Freddy

Build Status

OTP behaviours for creating AMQP publishers and consumers.

The project is in active development stage, expect breaking changes between minor versions up to 1.0.

Installation

Add freddy to your list of dependencies in mix.exs:

def deps do
  [{:freddy, "~> 0.15.0"}]
end

Stable connection

Neither official RabbitMQ client, nor its Elixir wrapper amqp provide an out-of-box way to create a stable monitored connection to RabbitMQ server, which will be gracefully reestablished after server restart or intermittent network failures.

Freddy attempts to provide such abstraction, which is called Freddy.Connection. It is a standard OTP-compliant process that can be easily integrated into OTP supervision tree using standard capabilities.

All Freddy behaviors (publishers and consumers) require Freddy.Connection.

The connection process can be started like this:

{:ok, conn} = Freddy.Connection.start_link(config)

Check out Freddy.Connection.start_link/2 for available options.

Add this process to an OTP application supervision tree:

defmodule MyApp do
  use Application

  def start(_type, _args) do
    import Supervisor.Spec

    children = [
      worker(Freddy.Connection, [[], [name: Freddy.Connection]])
    ]

    opts = [strategy: :one_for_one, name: MyApp.Supervisor]
    Supervisor.start_link(children, opts)
  end
end

We recommend to start Freddy.Connection and all your publishers and consumers in the OTP supervision tree. Ideally connection and dependent processes should be grouped in one supervisor with restart strategy :rest_for_one.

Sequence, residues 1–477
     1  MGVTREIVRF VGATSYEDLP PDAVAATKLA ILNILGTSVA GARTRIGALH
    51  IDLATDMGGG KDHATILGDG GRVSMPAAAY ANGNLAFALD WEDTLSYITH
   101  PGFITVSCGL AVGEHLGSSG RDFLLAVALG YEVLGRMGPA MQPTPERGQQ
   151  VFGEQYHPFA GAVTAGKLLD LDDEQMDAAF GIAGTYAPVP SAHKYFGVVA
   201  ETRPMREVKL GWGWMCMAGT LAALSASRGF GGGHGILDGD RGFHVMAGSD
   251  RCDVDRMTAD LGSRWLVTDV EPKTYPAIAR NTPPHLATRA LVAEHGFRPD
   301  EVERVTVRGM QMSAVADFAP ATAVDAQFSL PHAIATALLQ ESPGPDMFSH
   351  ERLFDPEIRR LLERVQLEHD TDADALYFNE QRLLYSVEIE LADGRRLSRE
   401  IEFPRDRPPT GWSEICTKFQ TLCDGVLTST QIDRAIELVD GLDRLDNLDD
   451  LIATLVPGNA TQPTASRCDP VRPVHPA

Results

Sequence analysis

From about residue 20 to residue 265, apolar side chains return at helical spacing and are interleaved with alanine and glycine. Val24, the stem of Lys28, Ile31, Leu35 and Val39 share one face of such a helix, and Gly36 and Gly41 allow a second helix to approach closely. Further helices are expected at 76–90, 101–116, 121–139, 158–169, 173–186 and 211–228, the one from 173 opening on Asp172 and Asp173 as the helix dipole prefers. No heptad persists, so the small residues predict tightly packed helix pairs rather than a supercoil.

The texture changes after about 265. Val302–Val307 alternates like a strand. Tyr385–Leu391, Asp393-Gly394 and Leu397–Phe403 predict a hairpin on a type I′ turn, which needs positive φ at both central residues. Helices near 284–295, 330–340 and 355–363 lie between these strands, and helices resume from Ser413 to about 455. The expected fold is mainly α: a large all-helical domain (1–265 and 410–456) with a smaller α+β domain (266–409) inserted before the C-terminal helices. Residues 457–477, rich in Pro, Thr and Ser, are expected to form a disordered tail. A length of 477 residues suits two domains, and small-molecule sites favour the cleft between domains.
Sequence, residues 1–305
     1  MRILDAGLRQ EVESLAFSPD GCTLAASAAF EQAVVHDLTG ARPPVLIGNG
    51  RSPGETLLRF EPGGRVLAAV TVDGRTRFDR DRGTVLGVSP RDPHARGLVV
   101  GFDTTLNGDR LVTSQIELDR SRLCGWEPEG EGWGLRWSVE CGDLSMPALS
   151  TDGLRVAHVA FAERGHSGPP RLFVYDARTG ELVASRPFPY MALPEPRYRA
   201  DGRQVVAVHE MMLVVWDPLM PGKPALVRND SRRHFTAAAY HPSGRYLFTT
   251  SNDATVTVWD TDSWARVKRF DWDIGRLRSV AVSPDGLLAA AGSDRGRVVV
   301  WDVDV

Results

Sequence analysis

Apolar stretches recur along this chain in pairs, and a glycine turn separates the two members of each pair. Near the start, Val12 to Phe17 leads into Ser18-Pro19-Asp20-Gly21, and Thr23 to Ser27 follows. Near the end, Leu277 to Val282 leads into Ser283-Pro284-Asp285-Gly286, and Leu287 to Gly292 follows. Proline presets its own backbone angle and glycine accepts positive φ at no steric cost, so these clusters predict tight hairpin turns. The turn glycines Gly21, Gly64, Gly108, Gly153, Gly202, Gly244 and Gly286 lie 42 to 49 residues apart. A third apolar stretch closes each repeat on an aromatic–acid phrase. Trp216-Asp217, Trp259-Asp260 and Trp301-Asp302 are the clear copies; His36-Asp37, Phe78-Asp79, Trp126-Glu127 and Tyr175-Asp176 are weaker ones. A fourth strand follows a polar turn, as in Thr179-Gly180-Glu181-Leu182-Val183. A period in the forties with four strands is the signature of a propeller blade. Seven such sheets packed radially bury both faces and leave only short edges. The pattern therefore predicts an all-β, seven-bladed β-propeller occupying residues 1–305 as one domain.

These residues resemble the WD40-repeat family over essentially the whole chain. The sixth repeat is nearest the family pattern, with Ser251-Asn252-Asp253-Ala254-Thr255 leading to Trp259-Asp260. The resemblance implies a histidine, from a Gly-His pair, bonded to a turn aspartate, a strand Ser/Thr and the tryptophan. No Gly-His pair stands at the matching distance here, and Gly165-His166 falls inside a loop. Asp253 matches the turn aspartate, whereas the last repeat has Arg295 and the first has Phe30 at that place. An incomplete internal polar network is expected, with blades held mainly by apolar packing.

Connection to multiple hosts

It is possible to leverage H/A RabbitMQ setup by providing multiple connection options when starting a Freddy.Connection process. Don't forget to specify connection_timeout, or your process may stuck in infinite wait loop.

host1 = [host: "10.0.100.1", connection_timeout: 1000]
host2 = [host: "10.0.100.2", connection_timeout: 1000]
host3 = [host: "10.0.100.3", connection_timeout: 1000]
{:ok, conn} = Freddy.Connection.start_link([host1, host2, host3])

Freddy.Connection will establish connection to one of the specified hosts, prioritizing them by order of appearing in the list. If it can't establish connection to the first host, it will immediately attempt to establish connection to second, and so on. If none of the hosts are responding, Freddy.Connection will wait a second and attempt to connect to all hosts again.

Publishers

Freddy provides a behaviour module Freddy.Publisher to implement your own stateful publishers.

Check out the behaviour documentation for information about all available callbacks.